Traumatised man fractures partner's spine

·2-min read

A Queensland man traumatised by a home invasion choked and kicked his partner so hard she suffered a spine fracture, telling her: "You need to die".

However, the woman threw her support behind the 36-year-old when he appeared in Brisbane District Court on Thursday, even suggesting a choking offence didn't occur.

The man - who can't be named - launched a "vicious attack" when the home invasion was mentioned by his partner after they returned to their Fortitude Valley apartment following a night out in October 2020.

The man punched a hole in the wall and began throwing and breaking things in the apartment, yelling: "I can't protect you, I can't protect me".

He threw, dragged and kicked her before twice choking her, saying: "You need to die".

She lost consciousness each time she was choked, at one stage finding him standing over her saying: "How would you like it if I took everything away from you - how would you like it if I threw your dog off the balcony?".

She screamed for help while cowering in the apartment holding their dog before a neighbour called police.

The woman was diagnosed with a string of injuries including hearing loss as well as rib and spine fractures, spending the night in hospital.

However, she appeared in court on Thursday in support, even providing a reference saying the attack was the "result of past trauma".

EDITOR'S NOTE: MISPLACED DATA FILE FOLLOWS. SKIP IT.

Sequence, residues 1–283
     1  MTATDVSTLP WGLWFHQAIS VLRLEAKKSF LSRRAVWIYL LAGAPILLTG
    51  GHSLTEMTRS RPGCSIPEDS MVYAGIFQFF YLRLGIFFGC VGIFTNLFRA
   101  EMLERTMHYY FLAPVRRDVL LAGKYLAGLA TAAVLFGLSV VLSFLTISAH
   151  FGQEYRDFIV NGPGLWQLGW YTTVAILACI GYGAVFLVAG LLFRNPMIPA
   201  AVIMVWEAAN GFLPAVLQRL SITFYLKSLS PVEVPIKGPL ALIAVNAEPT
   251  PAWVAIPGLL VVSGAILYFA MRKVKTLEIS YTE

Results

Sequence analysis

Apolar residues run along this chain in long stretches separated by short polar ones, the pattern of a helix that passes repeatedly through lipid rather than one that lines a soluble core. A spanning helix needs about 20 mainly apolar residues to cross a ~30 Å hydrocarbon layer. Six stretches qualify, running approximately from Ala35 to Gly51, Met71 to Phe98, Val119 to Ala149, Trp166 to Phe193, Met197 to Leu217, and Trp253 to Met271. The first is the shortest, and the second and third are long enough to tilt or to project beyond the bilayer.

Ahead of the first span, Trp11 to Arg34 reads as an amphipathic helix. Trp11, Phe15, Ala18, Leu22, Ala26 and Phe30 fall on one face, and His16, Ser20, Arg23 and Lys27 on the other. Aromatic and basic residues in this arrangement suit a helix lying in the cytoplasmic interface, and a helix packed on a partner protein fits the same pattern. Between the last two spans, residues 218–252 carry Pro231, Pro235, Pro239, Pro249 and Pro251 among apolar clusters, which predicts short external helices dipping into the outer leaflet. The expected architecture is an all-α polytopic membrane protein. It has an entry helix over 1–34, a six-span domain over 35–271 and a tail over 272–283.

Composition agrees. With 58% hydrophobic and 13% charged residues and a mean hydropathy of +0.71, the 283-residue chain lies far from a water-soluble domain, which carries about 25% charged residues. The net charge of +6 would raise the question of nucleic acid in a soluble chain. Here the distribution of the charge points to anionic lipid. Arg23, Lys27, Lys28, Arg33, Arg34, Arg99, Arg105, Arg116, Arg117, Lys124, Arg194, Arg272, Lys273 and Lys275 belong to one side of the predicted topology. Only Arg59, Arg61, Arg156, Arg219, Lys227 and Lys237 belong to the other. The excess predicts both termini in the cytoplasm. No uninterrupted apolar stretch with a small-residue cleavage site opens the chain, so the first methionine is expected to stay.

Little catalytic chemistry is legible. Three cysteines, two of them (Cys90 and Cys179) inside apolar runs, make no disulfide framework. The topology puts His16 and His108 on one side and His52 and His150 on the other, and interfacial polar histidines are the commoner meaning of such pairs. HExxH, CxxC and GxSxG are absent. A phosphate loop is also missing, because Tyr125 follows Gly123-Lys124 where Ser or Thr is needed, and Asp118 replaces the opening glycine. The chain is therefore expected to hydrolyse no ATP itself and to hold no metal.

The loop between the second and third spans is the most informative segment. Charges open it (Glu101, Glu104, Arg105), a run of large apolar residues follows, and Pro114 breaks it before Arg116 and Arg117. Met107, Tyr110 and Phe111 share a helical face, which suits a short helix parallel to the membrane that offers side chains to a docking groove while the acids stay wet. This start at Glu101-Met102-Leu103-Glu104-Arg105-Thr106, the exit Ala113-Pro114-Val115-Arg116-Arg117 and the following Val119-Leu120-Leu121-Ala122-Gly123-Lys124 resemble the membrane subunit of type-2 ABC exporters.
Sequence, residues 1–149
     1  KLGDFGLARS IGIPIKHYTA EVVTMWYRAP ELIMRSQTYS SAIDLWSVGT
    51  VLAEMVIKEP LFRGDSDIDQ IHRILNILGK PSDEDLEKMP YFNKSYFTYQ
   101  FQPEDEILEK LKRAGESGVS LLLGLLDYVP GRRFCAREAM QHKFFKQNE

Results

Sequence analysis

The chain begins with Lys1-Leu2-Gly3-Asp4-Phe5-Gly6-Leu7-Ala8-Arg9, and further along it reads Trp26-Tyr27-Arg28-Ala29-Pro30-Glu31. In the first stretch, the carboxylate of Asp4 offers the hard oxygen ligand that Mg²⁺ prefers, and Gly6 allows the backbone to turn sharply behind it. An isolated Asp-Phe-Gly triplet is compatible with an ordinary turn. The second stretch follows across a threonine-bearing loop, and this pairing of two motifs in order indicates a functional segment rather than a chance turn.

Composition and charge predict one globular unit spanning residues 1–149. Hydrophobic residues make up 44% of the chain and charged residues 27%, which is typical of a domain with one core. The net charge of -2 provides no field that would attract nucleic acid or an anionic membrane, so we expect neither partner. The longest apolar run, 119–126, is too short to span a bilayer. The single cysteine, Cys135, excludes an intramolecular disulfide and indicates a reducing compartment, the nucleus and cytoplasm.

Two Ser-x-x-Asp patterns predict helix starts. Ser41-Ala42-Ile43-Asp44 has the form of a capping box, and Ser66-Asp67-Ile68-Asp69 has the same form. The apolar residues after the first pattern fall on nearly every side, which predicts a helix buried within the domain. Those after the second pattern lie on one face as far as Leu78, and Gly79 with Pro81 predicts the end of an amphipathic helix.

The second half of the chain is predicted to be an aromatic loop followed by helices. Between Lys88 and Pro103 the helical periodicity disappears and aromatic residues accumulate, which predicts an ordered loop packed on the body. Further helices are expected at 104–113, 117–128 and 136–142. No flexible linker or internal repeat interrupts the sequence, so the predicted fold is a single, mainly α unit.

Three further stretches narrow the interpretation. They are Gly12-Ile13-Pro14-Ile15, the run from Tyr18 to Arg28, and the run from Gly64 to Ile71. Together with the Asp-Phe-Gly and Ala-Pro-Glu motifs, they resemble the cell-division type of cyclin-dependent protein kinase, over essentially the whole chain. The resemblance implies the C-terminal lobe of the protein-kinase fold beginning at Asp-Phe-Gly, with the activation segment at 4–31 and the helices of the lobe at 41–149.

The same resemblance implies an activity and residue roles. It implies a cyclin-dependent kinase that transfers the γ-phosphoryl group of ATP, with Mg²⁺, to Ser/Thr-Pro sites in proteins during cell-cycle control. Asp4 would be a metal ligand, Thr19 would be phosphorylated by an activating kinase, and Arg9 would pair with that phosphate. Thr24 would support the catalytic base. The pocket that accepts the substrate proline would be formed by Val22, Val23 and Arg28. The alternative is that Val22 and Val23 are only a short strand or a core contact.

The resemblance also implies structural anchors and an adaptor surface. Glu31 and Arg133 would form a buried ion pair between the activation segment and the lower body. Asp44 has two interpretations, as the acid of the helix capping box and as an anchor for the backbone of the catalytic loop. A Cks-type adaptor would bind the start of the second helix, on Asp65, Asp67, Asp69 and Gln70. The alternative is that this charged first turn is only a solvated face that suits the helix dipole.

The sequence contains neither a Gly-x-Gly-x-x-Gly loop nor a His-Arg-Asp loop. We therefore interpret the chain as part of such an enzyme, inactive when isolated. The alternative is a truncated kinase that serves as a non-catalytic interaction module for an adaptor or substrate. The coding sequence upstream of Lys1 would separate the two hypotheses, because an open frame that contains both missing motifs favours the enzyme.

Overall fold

The reference said she could "see the fear and pain in his eyes" since the home invasion and was "someone who needs help".

They had been in a "loving, supportive relationship" for two years and she was shocked by his "out of character, bizarre" attack, the reference said.

The woman also told the crown prosecutor this week that the second choking incident may not have occurred, defence barrister Scott Neaves said.

"She had no recollection," he said.

In a victim impact statement, the man said he had been drinking heavily after a "feeling of hopelessness and heavy social anxiety" since the home invasion.

"In no way ... does it make his conduct forgivable ... it might provide some insight into how a man who had otherwise been a meaningful participant in society ... has involved himself in this incident," Mr Neaves said.

Judge Michael Williamson said there was an inference from a psychologist's report that residual trauma from the home invasion had led to the man suffering PTSD but "it wasn't a very strong one".

He believed the attack instead had "the hallmarks of a heavy day on the alcohol".

Mr Neaves said the man had taken significant steps toward rehabilitation since being released from four months in custody in February 2021.

He pleaded guilty to all four domestic violence charges including assault occasioning bodily harm and two counts of choking.

He will be sentenced on April 29.

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